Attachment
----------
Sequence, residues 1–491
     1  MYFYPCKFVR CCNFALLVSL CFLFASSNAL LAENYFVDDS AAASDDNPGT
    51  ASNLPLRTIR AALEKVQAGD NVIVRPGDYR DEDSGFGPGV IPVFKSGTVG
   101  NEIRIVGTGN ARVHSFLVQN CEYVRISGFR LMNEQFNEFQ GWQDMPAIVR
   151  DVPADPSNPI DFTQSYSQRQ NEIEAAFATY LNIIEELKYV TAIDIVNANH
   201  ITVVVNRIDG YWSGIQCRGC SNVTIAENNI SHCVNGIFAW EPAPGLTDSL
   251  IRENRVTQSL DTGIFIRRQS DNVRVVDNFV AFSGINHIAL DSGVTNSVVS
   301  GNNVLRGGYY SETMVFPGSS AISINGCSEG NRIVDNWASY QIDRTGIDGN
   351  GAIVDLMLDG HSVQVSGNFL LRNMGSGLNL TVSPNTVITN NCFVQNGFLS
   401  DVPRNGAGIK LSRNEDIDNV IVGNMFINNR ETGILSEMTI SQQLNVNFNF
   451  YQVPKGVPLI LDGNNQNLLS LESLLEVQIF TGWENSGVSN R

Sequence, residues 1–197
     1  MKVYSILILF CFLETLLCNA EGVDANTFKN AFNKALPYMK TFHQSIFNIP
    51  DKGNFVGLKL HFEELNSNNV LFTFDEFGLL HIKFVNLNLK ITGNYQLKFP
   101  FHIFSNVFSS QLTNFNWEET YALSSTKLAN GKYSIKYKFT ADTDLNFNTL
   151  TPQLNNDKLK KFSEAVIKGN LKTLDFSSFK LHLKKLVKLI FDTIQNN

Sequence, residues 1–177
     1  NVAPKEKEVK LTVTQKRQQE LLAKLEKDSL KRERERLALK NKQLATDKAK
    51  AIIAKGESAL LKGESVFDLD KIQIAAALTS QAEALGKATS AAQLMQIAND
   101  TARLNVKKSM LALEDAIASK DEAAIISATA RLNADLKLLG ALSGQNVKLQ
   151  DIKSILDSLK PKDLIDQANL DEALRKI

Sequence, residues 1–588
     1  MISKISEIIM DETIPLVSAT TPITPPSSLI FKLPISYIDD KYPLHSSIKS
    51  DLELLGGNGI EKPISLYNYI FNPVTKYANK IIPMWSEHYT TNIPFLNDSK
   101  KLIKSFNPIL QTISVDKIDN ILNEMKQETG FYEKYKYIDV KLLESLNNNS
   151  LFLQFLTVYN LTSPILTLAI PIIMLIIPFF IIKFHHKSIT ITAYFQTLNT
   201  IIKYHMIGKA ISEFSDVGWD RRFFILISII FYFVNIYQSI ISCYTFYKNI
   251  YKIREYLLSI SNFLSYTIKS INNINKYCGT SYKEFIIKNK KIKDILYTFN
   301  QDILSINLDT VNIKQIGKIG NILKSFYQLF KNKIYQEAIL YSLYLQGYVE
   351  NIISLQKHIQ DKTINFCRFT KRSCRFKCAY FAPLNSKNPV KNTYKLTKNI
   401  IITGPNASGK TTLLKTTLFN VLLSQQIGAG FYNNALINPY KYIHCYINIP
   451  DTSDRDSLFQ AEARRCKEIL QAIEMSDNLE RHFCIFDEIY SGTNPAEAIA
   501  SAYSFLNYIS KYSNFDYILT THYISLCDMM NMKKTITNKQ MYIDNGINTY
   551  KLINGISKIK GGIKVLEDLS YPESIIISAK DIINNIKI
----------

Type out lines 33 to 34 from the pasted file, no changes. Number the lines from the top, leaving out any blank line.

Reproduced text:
   501  SAYSFLNYIS KYSNFDYILT THYISLCDMM NMKKTITNKQ MYIDNGINTY
   551  KLINGISKIK GGIKVLEDLS YPESIIISAK DIINNIKI